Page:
One evening last week we were driving home from gymnastics lessons when it began to snow. I got all excited, and my 4-year-old asked why I was happy about snow.
“I love snow!” I exclaimed.
“But my teacher says that snow makes mommies sad because it gets all over their cars,” she replied.
“Well, I don’t mind because it’s so pretty,” I told her.
She thought about that for a second. “But,” she protested, “it’s not pink! Or sparkly!”
I smothered my laughter and said, “C, things don’t have to be pink and sparkly to be pretty.”
Truly perplexed, she replied, “They don’t?”
Her obsession with all things pink and sparkly is further evidenced by the sneakers she picked out today when I had a momentary lapse of sanity and ended up with both my girls at the mall five days before Christmas.
I braved the mall because I’ve been wanting to take my daughter to try on jeans. It used to be that I would shop, buy what I like, bring them home, and she would wear them. ‘Nuff said.
But on the brink of her fifth birthday, she is becoming increasingly opinionated about what she wears and how her clothing fits, and every time I bring home a new pair of pants there is something wrong with them. Which leads to an enormous blowout every morning when it is time to get dressed for school.
The blowout basically consists of my daughter writhing on the floor, pulling and hitching at her clothing and making all sorts of inhumane noises that are supposed to convey discontent and frustration, while I stand over her and tell her in no uncertain terms that she is wearing the ding-dang pants and she better get over herself and put a smile on her face because I am tired of being late to school.
This happens every. single. morning. I always win, but not without a price. The price being my sanity. So I thought perhaps we could avoid the drama if I allowed her to pick out her own clothes.
The morning blowouts are superseded on the drama scale only by the performance she put on at the Gap this afternoon as I forced her to try on several pairs of jeans in hopes of finding a couple pairs that she would deem acceptably comfortable.
Of course this was AFTER we spent a half hour in the crowded food court scarfing down our Chick-Fil-A lunches standing up because there were no seats to be had, a half hour sitting on a bench in the playground area while my girls enjoyed chocolate ice cream cones, and another half hour in the Stride Rite store trying on sneakers.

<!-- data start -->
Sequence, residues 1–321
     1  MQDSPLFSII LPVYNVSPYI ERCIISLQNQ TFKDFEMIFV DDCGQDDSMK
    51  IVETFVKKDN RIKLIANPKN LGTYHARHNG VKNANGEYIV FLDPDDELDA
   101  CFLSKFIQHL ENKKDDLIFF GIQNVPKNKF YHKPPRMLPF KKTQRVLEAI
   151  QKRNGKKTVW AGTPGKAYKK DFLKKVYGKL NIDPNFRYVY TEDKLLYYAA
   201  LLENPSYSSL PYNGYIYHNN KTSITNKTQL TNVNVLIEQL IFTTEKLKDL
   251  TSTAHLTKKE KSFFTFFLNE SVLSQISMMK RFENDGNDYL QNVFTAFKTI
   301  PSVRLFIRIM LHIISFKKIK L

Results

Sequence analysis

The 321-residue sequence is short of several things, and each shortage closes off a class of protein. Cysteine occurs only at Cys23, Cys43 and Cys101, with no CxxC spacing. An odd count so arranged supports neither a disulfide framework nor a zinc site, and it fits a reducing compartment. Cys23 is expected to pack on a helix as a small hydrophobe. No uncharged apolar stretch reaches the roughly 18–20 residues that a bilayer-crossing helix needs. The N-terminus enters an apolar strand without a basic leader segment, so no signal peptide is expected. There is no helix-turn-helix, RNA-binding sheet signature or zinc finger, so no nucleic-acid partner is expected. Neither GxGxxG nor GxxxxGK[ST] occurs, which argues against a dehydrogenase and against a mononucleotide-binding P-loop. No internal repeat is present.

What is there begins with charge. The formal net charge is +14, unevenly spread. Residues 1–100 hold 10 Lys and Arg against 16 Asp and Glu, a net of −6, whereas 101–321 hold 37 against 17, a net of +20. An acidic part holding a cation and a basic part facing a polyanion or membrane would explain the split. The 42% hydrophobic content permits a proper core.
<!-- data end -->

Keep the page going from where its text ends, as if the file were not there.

So it’s no wonder she wasn’t feeling particularly cooperative by the time we made it to the Gap. I did, however, leave with three pairs of jeans.
And while none of them seemed at the time to meet the high standards for fit and comfort that my daughter demands, perhaps there will be something in the lot that she will be willing to wear when it’s time to get ready for school in the morning.
I realize this is about as likely as peace in the Middle East, but I ask you. Without hope, is life really worth living?
And besides, that’s what return policies are for.
As I mentioned, on our way to try on jeans we stopped at the shoe store. I figured my 2-year-old might be outgrowing her shoes, and while we were there, I had them size my 5-year-old as well. As it turns out, both girls needed new shoes.
Thank goodness they were having a sale, so we made it out of the store without losing our shirts. But still. New shoes were not in my master plan this month.
And did I mention that I parked outside of Sears and just so happened to walk past their Christmas department on the way into the mall? And they were having a 40% off sale? I have been wanting some gold ribbon for my formal tree, and I found exactly what I wanted so I grabbed it and made my way to the register, where I waited for fifteen minutes to make my purchase while my girls proceeded to poke and prod the seasonal blowup lawn ornaments on display and beg for every trinket in sight.
And somehow between the time I bought the ribbon and the time I got home, I misplaced the bag of ribbon. I can’t find it anywhere, so I think I must have absentmindedly set it down somewhere during our shopping
torture excursion. At any rate, I do not have it, and my formal tree still looks rather nekkid.
Then this afternoon I stopped by the local butcher’s to pick up the rib roast I had ordered for Christmas dinner. I guess it would have been a good idea to inquire beforehand about the cost of a piece of roast beast. Because if I had inquired and been informed, I’m pretty sure I would be serving lasagna for Christmas dinner this year.
I’m glad the butcher was preoccupied with the cash register when he rang up my order and announced the amount I owed because had he been looking at me, he would have seen my jaw drop to my knees in horror and disbelief. But he was blissfully oblivious to my consternation as I passed my Visa across the counter in a daze, imagining my husband’s face when he sees this charge on our bill.
Tis the season to go broke, evidently.
Tomorrow (today, if you are reading on Friday, which is probably when this will post) is the last day of school before the winter break, and after a preschool Christmas program and a 2nd grade holiday party I will have all three of my kids at home with me for well over a week. So my blog posting might be a bit sporadic over the next few days.
So if I don’t get another chance to say it, Merry Christmas! Happy Holidays! Seasons Greetings! And all that jazz.